Reviewing the patent and Steve's address, there appears to be no limits to the applicability of the Multi-Touch technology that is currently limited with the older like-products.
  • Reply 17 of 22
    The cost of touchscreens will come down once volume is increased, but currently it wouldn't make sense to use them on low end devices (for example the Nano which is under $200).



    As far as replacing keyboards on laptops, that's a good idea if the price can be held down. In the mean time I'd like to see the typing correction feature of the iPhone's virtual keyboard added to Leopard, where it would work with real keyboards. Previous implementations of typing correction (as in MS Word) sucked. As a poor typist, I'd love a system that could guess (and guess well) my intention and provide the correct word automatically, and offer a choice of words when in doubt.
  • Reply 18 of 22
    the members of this board must be worth a MINT.



    havent every one of us been drooling at the thought of what these analysts are now saysing... except we were saying it about 10 mins after steve reveled the iPhones Multi Touch capability.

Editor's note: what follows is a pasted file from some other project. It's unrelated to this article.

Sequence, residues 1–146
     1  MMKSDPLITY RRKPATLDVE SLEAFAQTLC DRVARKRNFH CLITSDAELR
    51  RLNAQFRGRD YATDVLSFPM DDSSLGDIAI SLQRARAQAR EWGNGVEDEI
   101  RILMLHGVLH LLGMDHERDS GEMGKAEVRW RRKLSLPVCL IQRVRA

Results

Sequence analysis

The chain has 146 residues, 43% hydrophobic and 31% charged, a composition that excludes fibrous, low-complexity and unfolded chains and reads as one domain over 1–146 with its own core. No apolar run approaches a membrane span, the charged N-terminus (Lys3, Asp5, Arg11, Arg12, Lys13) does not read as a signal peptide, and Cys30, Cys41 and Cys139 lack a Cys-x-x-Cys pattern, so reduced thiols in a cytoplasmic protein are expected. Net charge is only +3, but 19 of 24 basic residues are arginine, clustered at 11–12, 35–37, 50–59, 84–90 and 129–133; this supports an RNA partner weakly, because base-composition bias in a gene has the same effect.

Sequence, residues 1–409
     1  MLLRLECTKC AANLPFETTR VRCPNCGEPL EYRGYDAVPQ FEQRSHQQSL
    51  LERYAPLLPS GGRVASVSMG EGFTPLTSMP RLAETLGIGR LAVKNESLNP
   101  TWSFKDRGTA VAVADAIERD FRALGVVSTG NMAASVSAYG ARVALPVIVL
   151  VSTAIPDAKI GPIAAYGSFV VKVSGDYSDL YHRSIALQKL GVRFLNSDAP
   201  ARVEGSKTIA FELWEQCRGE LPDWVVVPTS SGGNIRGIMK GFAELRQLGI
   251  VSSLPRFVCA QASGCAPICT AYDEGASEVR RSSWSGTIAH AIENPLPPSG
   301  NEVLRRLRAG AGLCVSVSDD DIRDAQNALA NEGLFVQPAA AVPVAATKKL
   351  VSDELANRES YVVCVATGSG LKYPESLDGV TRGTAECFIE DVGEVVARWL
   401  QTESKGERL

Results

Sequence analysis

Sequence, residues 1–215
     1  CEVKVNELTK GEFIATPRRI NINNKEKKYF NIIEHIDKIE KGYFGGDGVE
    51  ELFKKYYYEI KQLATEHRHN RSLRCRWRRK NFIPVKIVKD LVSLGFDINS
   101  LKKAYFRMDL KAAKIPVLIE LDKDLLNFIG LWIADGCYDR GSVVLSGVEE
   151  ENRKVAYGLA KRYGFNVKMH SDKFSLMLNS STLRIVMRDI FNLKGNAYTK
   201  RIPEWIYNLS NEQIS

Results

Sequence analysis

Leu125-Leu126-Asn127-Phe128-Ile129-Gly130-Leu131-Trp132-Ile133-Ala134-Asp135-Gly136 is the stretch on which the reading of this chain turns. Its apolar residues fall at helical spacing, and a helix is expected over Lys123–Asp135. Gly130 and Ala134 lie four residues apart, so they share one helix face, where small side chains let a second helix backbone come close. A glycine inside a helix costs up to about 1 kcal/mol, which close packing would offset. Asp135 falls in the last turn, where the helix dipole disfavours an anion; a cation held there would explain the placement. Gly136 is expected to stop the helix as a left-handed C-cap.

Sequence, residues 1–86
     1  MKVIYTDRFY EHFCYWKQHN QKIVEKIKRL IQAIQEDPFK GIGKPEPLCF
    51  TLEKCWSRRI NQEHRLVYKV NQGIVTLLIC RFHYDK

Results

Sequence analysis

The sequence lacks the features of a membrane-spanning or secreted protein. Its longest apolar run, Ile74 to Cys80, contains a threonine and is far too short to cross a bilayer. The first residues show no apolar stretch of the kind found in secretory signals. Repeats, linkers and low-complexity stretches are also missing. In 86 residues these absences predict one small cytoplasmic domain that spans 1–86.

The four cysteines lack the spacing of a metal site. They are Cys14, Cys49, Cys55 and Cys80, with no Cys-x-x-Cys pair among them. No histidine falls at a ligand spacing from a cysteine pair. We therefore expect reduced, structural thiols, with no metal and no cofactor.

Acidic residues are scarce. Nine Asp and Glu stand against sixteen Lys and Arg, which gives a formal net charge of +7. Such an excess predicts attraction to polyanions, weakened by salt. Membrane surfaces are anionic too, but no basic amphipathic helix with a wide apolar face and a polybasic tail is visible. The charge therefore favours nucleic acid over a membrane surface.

im off to throw another yacht on the fire!
  • Reply 19 of 22
    Quote:
    Originally Posted by Trendannoyer View Post


    havent every one of us been drooling at the thought of what these analysts are now saysing... except we were saying it about 10 mins after steve reveled the iPhones Multi Touch capability.



    Trendannoyer,



    Unfortunately, and I have done it myself, often assume that these analysts' reports are 'new' news. In fact, they are simply recomendations that they draw up to send to their clients to help them in their stock purchases or sellings.



    Much of the information is old hat, redundant and based on assumptions that the analyst concludes with the information that they have available at the time of writing.



    As such, these 'analysts recommendations' are not really 'Insider' information as we would expect to see here. And should be taken as just one man's or company's opinion whether to invest or not invest in Apple.



    Like everything else, I certainly look forward to reading everything about the Mac. Even the analysts' reports. Unfortunately, more often then not, I would still hedge my bets based on many of their assumptions that these so-called experts claim, simply by the often misunderstanding or limited knowledge of the technology that they are reviewing.
  • Reply 20 of 22
    I guess we should all read more about patents (including myself), i´ve heard that anyone can make a touch screen.. is the ¨How you make it¨ that gets patented... if anyone else comes up with another way to make a touchscreen they can still do it...